But after reading Martha Troian's post at Media Indigena, which contains an interview with Taiaiake Alfred, a highly respected Mohawk scholar (at least in my purview), on why Indigenous nations shouldn't vote, and after seeing well made videos espousing why we should vote, I am left with more questions than answers.

Is it possible to change a colonial institution from the inside?

Does it mean that "I am Canadian" if I vote in a federal election?

Would not voting improve anything for our people?

If I don't vote, what should I do instead to be heard by the country that, for better or worse, currently makes decisions that affect me as an Anishinabekwe?

On a theoretical plane, I totally understand the many reasons not to vote. If we want to be in a nation-to-nation relationship with Canada, we should not vote for their leader. Their leader should neither represent us nor make any of our decisions. But regardless of the fact that I've never really considered the Prime Minister to represent me, that he makes fiscal and ideological decisions that affect me is an inescapable fact.

What's more, a part of me wants to ignore the vote simply out of spite. Did you know that First Nations (or "Status Indians") were the last racialized group to "receive the right" to vote (that's my sarcastic tone, FYI) in Canada? We "got" the vote in 1960.

In 2010 I was working at a national Aboriginal organization. I was sitting at my desk one day, when my director--cheerful, intelligent, feisty, and non-Native--popped her head into my office and requested a mini-meeting. The six of us "subordinates" dragged our chairs into her large office, not knowing what to expect, but accustomed to these mini-meetings.

"So this year, our organization is being invited to speak in parliament to celebrate 50 years since the First Nations right to vote," she says, slightly upbeat, but not overly excited. "Does anyone have ideas for speaking points?"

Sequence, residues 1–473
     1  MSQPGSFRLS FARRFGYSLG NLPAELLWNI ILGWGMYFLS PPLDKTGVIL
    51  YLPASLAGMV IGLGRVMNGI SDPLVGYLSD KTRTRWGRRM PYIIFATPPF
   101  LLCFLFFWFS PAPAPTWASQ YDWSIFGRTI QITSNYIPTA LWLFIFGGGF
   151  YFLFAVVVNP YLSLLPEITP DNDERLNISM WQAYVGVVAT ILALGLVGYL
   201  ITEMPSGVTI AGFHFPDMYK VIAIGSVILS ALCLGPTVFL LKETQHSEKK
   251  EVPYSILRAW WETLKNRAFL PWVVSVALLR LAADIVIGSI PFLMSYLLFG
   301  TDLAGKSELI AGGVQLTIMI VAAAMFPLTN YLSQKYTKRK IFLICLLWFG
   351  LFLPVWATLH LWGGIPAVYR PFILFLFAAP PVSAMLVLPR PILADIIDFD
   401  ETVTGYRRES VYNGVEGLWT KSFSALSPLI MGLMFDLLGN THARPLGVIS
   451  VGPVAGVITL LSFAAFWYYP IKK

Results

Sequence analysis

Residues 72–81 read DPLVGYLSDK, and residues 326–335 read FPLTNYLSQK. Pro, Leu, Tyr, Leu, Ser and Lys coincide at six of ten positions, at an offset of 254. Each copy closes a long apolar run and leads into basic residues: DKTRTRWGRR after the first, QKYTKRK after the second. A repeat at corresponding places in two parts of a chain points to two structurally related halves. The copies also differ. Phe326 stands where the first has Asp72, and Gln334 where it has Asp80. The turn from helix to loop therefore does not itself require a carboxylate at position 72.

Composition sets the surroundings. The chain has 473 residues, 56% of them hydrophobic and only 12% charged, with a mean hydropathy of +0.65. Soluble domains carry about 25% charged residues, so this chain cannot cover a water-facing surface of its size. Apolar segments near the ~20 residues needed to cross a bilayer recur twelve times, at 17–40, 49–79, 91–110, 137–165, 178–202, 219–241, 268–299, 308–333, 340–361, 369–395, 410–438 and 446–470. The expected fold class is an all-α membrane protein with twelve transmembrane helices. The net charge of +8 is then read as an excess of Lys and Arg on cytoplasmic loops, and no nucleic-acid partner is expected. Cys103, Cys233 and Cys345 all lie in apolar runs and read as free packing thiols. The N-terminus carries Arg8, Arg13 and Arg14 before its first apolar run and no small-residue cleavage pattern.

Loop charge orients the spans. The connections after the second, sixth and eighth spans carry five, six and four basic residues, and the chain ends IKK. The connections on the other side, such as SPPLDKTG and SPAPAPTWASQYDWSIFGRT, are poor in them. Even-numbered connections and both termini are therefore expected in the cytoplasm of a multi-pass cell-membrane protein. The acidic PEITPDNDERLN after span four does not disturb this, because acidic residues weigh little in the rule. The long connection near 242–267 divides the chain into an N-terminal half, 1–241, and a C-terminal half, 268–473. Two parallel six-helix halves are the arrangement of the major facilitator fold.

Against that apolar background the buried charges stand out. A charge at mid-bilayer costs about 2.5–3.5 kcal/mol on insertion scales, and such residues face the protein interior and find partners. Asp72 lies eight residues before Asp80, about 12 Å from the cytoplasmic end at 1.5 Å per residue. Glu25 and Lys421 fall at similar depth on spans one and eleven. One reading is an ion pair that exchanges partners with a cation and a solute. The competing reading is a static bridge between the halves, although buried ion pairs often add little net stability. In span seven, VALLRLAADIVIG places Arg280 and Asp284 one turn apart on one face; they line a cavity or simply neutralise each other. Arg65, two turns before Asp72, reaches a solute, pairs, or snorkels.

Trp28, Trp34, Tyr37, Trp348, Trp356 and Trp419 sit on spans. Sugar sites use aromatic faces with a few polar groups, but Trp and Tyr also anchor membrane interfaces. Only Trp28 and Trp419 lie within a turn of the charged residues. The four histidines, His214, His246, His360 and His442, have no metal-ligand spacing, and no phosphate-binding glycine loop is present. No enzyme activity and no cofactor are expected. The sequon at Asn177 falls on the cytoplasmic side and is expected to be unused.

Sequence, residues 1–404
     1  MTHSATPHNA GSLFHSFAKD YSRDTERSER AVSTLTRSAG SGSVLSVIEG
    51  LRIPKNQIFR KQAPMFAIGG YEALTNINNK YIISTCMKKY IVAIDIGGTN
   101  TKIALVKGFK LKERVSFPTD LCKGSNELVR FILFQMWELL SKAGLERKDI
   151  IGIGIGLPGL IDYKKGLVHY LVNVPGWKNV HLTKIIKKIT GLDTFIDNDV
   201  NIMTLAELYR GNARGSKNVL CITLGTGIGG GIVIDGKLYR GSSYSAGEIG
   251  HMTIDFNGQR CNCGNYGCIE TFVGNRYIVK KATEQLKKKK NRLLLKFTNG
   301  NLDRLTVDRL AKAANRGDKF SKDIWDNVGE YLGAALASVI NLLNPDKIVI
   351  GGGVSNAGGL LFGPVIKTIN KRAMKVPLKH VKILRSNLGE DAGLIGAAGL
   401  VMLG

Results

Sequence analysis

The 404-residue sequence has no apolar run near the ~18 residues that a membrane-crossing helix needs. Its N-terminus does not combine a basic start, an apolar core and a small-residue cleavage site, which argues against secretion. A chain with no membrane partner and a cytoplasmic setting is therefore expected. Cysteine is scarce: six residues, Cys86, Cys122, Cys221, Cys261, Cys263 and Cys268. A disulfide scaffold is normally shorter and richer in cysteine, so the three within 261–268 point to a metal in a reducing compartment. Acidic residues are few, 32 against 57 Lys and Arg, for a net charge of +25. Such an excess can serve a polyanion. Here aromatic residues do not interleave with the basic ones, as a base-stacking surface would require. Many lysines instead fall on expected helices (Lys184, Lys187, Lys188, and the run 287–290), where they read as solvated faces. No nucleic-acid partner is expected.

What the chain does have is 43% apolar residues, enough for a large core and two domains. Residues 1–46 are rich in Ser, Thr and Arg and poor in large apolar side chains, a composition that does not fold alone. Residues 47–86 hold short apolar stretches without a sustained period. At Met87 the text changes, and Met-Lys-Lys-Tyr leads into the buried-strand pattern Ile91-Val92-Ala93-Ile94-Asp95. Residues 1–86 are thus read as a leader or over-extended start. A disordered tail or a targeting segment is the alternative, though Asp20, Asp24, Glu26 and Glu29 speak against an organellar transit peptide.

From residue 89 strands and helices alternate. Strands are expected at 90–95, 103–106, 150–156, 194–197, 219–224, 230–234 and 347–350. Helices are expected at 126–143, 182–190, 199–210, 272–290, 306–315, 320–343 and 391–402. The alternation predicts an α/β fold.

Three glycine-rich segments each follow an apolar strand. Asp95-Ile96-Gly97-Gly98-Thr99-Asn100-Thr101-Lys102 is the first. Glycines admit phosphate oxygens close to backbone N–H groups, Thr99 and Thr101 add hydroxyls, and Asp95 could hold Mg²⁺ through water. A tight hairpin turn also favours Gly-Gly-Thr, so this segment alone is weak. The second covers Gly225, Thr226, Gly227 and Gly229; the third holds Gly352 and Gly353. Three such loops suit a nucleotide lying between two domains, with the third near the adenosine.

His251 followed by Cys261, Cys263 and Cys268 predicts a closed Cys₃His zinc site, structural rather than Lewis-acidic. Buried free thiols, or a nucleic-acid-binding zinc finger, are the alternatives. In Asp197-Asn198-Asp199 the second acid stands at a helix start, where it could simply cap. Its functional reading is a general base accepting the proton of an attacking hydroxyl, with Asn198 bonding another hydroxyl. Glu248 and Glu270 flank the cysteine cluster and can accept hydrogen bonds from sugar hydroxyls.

We asked about some of the details of the event, brainstormed a few points, then one of my co-workers, blunt and hilarious, spoke up.

"Can I make a request?" she asked, and everyone knew there was no denying her. "Can we not celebrate the fact that the colonial institution which denied us the vote finally 'granted' it in the '60s?" (Okay, so maybe those weren't her exact words--hers were actually much more poignant.)

And the room roared with laughter. It's so true!

Many Canadians don't know that First Nations couldn't vote until 1960 without giving up their identity as Native peoples. Instead, they read headlines like 'Elections Canada marks 50 years of voting rights for all First Nations members', and think this is a reason for First Nations and Canadians to jump for joy.

I hate to break it to you, Canada: it's not.

- - -

I am writing the second half of this post on May 3rd, 2011. I have an emotional, electoral hangover.

Quebec amazed the country by completely reversing power within left wing. Both of my ridings (and yes, I have two) saw huge gains for the NDP. Back home in my community, Kitigan Zibi, a relative unknown karate teacher ousted the former Foreign Affairs Minister; and in my current residence across from the Odawa River, the NDP broke through the 100+ year Liberal stronghold. But, of course, it's difficult to celebrate these victories when many First Nations' worst nightmare has come to light.

So, what can I do to keep myself from falling into a deep, dark place, worried about the treatment of my people by the feds over the next four years? Well, my first instinct is to hole up on my couch with a pint of ice cream (forget Skinny Chicks!) and pop in a '30 Rock' DVD. Then the next one. And the one after that...

But then I remember our very Native response to the idea of "celebrating" our right to vote.

We laughed.